Home History of Hymns: "Heralds" hymn honors spirit of world mission

History of Hymns: "Heralds" hymn honors spirit of world mission

“Heralds of Christ”
Laura S. Copenhaver
UM Hymnal, No. 567

Laura S. Copenhaver

Heralds of Christ, who bear the King’s commands,
immortal tidings in your mortal hands,
pass on and carry swift the news you bring;
make straight, make straight the highway of the King.

The Rev. Carlton R. Young, UM Hymnal editor, notes that this hymn grows out of the poet’s mission work in the Virginia mountains for 30 years, and other mission interests as far-reaching as Africa and India. He states that “Heralds of Christ” “expresses the determined, dynamic, energetic and expansive attributes of nineteenth-century Christian missions.”

Laura Scherer Copenhaver (1868-1940) was a Virginia native who grew up in the United Lutheran Church in America. She taught English literature at Marion (Va.) College, and wrote widely distributed articles supporting mission causes.

A current website from the Sherwood Anderson Festival (2008) provides more information on Laura Copenhaver’s activities: “Laura Lu Scherer Copenhaver founded Rosemont Craft Industries . . . from her family’s mid-nineteenth century homestead ‘Rosemont’ in Marion, Virginia. Her father, the Reverend John Jacob Scherer, D.D., was the first President of Marion College and prior to the Depression, Laura, who was a very energetic and talented woman, had been teaching college English and writing.”

Copenhaver developed a mountain craft industry to provide economic support to mountain families during the Depression. As a young woman she became aware of the poor economic conditions of Virginia sheep farmers, so she devised a method to use the raw products of wool and incorporate them into handicrafts such as rugs, curtains and quilts that could be sold. Laura’s daughter, Eleanor Copenhaver Anderson, continued the tradition and became president of Rosemont Craft Industries. Laura Copenhaver’s grandson, Tom Copenhaver, continues to run the craft industry in Marion today.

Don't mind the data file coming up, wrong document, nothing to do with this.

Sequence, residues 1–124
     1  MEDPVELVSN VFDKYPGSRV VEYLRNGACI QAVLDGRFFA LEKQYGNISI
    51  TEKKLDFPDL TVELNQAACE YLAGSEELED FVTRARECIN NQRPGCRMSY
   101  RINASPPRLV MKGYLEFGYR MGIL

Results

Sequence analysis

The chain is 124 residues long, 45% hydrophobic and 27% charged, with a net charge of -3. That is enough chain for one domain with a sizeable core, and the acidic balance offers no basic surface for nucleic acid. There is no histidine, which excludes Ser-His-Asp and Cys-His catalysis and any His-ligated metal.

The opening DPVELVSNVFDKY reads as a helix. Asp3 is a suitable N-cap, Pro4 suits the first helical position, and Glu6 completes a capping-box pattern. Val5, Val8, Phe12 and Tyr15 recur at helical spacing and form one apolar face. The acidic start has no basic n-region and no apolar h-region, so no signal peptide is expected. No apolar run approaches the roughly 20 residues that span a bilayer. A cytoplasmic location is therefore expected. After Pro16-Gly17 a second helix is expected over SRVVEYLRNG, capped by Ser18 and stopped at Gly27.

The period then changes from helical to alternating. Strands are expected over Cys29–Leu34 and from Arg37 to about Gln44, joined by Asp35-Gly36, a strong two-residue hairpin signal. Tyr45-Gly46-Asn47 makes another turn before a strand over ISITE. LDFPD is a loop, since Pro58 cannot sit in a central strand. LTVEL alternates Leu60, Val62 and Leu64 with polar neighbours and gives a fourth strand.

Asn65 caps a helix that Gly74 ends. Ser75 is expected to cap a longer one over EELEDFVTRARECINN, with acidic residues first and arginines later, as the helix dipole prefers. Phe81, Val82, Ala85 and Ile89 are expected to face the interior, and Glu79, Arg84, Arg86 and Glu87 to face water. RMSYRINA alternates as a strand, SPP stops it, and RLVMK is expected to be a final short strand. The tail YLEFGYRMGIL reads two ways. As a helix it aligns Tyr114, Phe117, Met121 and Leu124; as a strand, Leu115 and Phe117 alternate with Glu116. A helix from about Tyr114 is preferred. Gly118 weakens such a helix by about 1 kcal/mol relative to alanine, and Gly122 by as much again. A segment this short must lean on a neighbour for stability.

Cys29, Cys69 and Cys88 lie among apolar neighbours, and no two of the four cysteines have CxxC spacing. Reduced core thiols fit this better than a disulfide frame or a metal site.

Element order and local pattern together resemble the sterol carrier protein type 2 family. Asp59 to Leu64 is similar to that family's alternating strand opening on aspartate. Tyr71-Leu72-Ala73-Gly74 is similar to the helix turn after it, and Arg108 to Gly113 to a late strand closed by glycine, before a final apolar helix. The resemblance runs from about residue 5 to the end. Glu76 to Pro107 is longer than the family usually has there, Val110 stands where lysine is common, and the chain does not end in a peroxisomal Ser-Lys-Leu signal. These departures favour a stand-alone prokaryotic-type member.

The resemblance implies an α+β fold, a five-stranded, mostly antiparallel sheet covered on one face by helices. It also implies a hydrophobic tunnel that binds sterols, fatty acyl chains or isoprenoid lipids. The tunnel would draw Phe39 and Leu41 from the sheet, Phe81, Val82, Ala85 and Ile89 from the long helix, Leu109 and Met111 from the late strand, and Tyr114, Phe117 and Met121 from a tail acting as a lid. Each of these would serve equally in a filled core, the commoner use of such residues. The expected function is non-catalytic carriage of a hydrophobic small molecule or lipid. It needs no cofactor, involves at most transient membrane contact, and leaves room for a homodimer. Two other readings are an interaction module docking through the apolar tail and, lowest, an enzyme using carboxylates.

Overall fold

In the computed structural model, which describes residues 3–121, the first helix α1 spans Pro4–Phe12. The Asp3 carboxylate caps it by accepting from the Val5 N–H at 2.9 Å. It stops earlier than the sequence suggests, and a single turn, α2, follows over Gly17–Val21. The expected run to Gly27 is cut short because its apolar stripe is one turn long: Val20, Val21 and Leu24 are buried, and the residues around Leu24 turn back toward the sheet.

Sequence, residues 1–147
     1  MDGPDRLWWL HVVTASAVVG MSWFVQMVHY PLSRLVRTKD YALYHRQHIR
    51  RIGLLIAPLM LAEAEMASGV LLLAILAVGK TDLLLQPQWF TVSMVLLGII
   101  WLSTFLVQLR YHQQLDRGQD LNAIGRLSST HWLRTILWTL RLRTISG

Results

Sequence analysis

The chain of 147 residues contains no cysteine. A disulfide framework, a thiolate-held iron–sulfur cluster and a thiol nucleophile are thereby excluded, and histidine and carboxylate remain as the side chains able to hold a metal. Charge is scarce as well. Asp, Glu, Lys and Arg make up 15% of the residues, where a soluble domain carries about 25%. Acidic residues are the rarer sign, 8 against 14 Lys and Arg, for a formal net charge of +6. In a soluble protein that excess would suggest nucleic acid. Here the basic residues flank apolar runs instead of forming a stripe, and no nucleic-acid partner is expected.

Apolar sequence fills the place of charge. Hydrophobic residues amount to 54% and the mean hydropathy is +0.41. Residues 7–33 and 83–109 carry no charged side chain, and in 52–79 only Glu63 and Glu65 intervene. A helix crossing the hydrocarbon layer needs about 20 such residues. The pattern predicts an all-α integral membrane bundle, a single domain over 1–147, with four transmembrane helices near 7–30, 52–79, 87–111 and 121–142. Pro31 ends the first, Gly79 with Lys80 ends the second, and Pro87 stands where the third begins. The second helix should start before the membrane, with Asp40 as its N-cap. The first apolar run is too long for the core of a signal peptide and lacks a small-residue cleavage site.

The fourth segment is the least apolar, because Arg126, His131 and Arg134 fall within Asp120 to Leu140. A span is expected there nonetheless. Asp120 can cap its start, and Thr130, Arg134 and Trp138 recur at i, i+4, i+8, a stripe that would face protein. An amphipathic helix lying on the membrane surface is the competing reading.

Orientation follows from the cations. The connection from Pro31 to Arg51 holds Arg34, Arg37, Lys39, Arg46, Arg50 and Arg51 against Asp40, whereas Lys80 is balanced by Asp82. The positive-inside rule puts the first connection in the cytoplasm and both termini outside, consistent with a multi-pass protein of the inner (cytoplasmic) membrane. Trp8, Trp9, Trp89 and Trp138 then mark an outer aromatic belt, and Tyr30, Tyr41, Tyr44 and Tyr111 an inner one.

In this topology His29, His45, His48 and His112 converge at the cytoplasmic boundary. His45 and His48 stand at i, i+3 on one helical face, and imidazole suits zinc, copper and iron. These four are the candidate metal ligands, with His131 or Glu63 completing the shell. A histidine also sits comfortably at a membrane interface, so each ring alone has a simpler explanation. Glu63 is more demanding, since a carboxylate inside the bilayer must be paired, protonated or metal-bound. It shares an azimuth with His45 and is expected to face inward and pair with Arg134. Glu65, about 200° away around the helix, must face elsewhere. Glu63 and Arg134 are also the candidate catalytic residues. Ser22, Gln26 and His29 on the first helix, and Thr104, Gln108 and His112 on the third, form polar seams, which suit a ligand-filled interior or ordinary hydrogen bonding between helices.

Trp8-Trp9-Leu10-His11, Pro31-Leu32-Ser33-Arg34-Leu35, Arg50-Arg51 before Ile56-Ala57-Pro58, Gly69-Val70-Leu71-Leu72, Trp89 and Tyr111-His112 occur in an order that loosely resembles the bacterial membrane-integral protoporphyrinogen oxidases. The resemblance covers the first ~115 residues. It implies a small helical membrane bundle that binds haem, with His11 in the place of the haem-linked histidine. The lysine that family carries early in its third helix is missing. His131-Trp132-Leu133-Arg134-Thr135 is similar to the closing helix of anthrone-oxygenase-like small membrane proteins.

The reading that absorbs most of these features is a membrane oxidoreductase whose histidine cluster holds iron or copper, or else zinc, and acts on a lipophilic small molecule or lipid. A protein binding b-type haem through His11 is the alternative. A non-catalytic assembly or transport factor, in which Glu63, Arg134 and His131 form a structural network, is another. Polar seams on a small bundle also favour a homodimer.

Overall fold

Methodist hymnologist and pastor, the Rev. Robert Guy McCutchan (1877-1958), cited the author’s own account of the hymn: “In writing ‘Heralds of Christ’ for one of the Summer Conferences at which I used to lecture, I was moved with a deep sense of unity with the builders of the King’s Highway in far lands, next door to me in America, and even more with those great ones I had known as a child now gone on with the immortals by way of Africa and India. . . . Today in every land Christians are uniting to build a Kingdom which shall have no geographical bounds, no limitation of race, no barriers of caste or class.”

This description of the origins of the hymn clarifies the references to the “King’s commands” and “the highway of the King.” The biblical basis for this highway is drawn directly from Isaiah 40:3: “A voice of one calling: ‘In the wilderness prepare the way for the LORD; make straight in the desert a highway for our God.’ . . .”

Stanza two declares that such a highway will not be easily built as it must be constructed “Through desert ways, dark fen, and deep morass, through jungles, sluggish seas, and mountain pass. . . .” However, in the spirit of 19th- and early 20th-century missions, those building this highway were undaunted.

The third stanza gives us an indication of the direction of this highway: It is heading towards “the promise of the day fulfilled, when war shall be no more, and strife shall cease. . . .” Indeed, this is “the highway of the Prince of Peace.”

An omitted stanza reveals some of the more ethnocentric, less flattering views of foreign missions from this era, especially with references to India (“funeral pyres”) and perhaps Asian religions (“censers swing”):

Where once the twisting trail in darkness wound,
let marching feet and joyous song resound;
where burn the funeral pyres, and censers swing,
make straight, make straight the highway of the King.

The hymn first appeared in Augustine Smith’s Hymns for the Living Age (1923), under the section “Foreign Missions,” set to the tune NATIONAL HYMN. This tune, with its fanfare interjections and stately tempo (also used with Daniel Roberts’ “God of the Ages,” No. 698), captures the fearless spirit of the age and its bold vision of the Kingdom of God on earth.

Dr. Hawn is professor of sacred music at Perkins School of Theology, SMU.

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